i have just bought a new uvb bulb for my veiled and and i seem to have lost and 13 degrees f and i cant understand why anybody any ideas im now running at 78 degrees f please help nothing else is differant???
I am still a bit confused – you do have a separate basking bulb for heat – right? The only 2 things that come to mind in what I am going to assume are a drop ambient temps is that the bulb may need some time to heat up or that this new bulb is physically different then the last one even though the model and manufacturer are the same.
Maybe there is something off with the temp gauge or you are measuring temps differently. Could be a boatload of different things going on. Either way, if ambient temps are 78F then you MAY want to tone that down a bit depending on the species. For an ideal heat gradient, I like ambient around the low 70’s(F) for my veiled and carpets.
i dont have a basking bulb do u you recomend i get 1 the only bulb i have the the 2ft repti-glo 5.0 and i have a heat rock in too and a heat mat on the bottom of the enclosure as a beginer id like the info but this is as i bought the enclosure from a friend i have only bought the heat rock since its a wooden enclosure too
ok its a wooden setup with the repti-glo bulb mounted at the top a have some fake bushes in 1 side and a fountain in the other as you know i have the heat rock and heat mat at the bottom with bark chippings along the bottom of the tank
my veild is very young as the pet store had just got some in ther day before hes about 5 inch long from front of his head to the tip of his tail
at the moment im feeding him black crickets witch have been gutloaded with sweet potatoes/carrots and im dusting them with calcuim as and when needed but as hes not eating too much at moment im putting them in for him every other day im going to get some mealworm this weekend to try him with them but thats all im doing at the moment
if i remove the rock and mat the temp drops even more
I don't recommend using a substrate or a fountain with veileds. Its too easy for substrates to cause impaction and some of the barks contain toxic oils. As for the fountain, they are hard to keep clean and germ free.
The UVB should not pass through glass or plastic.
Is the calcium powder you are using phosphorous-free? Insects generally have a poor ratio of calcium to phosphorous...so dusting with a phos.-free calcium powder helps to make up for it.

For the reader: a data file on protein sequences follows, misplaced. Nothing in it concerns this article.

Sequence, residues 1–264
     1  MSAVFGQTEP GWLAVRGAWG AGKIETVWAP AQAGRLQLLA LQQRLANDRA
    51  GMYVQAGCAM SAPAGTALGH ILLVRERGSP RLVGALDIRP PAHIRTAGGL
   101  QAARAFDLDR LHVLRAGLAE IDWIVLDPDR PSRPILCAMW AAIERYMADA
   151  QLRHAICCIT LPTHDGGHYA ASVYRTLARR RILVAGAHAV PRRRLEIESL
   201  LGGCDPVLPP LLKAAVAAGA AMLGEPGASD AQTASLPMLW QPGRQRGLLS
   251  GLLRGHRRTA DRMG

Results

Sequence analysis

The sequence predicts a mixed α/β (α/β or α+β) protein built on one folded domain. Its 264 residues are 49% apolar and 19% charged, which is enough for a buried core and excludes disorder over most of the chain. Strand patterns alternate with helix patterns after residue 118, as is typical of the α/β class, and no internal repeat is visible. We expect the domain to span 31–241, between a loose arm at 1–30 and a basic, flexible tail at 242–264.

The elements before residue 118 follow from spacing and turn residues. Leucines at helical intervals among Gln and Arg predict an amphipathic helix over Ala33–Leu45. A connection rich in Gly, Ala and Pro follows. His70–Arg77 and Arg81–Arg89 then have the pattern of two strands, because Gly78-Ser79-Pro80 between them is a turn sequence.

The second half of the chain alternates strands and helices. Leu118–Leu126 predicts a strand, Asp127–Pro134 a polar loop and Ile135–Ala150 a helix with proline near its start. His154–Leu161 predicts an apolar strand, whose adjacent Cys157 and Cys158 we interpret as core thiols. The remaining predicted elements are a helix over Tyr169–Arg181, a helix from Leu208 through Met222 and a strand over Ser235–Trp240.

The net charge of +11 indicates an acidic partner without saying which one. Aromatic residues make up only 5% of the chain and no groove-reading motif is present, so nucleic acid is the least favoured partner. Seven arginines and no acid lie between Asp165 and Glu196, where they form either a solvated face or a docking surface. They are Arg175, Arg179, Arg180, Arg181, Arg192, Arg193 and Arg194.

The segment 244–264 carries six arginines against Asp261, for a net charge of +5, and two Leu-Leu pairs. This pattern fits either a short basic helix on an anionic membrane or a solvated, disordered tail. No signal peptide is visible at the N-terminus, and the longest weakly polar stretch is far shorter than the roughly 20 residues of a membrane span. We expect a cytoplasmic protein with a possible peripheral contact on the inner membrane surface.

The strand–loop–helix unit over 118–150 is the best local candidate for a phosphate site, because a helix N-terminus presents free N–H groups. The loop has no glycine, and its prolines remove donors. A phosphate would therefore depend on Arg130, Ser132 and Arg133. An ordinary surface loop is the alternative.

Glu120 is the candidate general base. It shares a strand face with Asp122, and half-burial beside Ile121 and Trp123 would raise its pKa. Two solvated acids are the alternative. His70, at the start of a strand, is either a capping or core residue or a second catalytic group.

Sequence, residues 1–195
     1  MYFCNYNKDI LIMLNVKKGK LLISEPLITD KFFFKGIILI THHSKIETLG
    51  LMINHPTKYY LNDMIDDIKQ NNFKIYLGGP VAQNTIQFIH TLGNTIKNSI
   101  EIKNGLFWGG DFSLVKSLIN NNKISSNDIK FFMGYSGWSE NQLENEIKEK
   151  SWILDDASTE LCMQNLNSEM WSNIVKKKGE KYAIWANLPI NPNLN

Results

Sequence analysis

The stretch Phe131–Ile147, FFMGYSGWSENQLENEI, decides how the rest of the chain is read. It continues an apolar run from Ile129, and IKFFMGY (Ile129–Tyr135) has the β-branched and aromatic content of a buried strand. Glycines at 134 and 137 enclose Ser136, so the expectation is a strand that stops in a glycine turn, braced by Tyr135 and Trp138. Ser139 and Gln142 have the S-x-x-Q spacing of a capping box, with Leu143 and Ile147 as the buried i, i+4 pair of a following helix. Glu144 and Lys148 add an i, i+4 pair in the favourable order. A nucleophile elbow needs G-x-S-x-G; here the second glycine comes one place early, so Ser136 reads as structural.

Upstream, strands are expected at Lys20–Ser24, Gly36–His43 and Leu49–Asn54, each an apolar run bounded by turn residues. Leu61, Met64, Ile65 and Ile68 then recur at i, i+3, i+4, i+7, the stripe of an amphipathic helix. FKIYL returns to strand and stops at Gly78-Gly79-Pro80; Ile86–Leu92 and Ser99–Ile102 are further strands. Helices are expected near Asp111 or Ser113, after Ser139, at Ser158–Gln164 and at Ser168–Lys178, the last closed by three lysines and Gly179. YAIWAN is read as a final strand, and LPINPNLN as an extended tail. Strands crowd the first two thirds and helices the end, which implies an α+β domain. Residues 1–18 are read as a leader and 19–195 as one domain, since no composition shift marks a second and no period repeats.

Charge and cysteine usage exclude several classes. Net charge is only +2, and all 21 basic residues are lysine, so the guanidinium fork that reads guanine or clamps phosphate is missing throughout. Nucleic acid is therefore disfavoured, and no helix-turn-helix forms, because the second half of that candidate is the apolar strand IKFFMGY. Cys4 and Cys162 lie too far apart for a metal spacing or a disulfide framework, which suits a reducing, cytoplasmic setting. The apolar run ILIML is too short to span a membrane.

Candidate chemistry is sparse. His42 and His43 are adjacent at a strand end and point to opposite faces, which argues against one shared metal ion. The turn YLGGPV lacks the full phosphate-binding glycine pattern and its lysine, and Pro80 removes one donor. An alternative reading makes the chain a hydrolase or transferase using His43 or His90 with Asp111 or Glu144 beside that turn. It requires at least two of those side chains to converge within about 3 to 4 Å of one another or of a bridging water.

Although sweet potatos and carrots are two good things to be a part of the gutload, I would also add greens (dandelion, kale, collards, endive, ROMAINE letuce, etc.) and more veggies (squash, sweet red pepper, zucchini, white potato, celery leaves, etc.)
You can offer him small waxworms (but not too many because they are fatty) and small silkworms, small butterworms, phoenix worms, etc. to add variety to his diet.
Follow the advice from the others – get rid of the rock, heat mat, fountain and substrate. Some real plants in there will help too with him being comfortable and adding a bit of humidity. Get a good digital thermometer from Lowes or Home Depot to measure the basking temps – should be around 85(F) for a cham that small – for starters at least. You can get a “reptile basking bulb” or use a house hold bulb or a spot bulb such as a Philips Duramax 50w. Either way, get a basking bulb and dome for heat.
What are the sides of the enclosure made of and how big is it? I almost want to say for a cham that small it might be easier to house it in a 10g for now until you get the current setup up to snuff. I am a believer in small enclosure for baby chams – it’s easier for them to find food, easier to watch over them, and they may feel a bit more comfortable in a smaller enclosure.
If you are serious about this hobby and want to do the right thing for your critter then start reading through this site …
Does this enclosure have a screen top?
How are you managing ventilation?
I would not recommend having a basking light inside the enclosure, it needs to be on the outside above a screen top or along a screened wall.
The bulb can be a regular household one and the wattage is something you need to experiment with.
You want a basking temp for a veiled that age to be around 85 degrees.
Keep in mind this temp should be localized to the area around the basking branch only, the rest of the enclosure needs to be cooler. You need 2 thermometers.
Use a strong enough wattage to achieve this temp and have the light some distance away to prevent the animal burning itself.
If you can show us pictures of this enclosure the help could be more specific.
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Something i learned in the aquarium trade is that when lights with high UV outputs age, their spectrum alters from UV to infrared. That is why when you have older bulbs in an aquarium, there is more algea growth. I know that Corrallife bulbs are notorius for this, but Reptisun i am unsure of. This could be a reason why your temps have dropped.
EDIT: Btw, you do need a basking bulb by all means. Chameleons need to thermoregulate, the only real way this is to duplicate the sun as a heat source. Chameleons can't escape ambiant temperature an can result in a very stressful environment. Would you enjoy being in overly hot temps and not being able to escape them? I think not.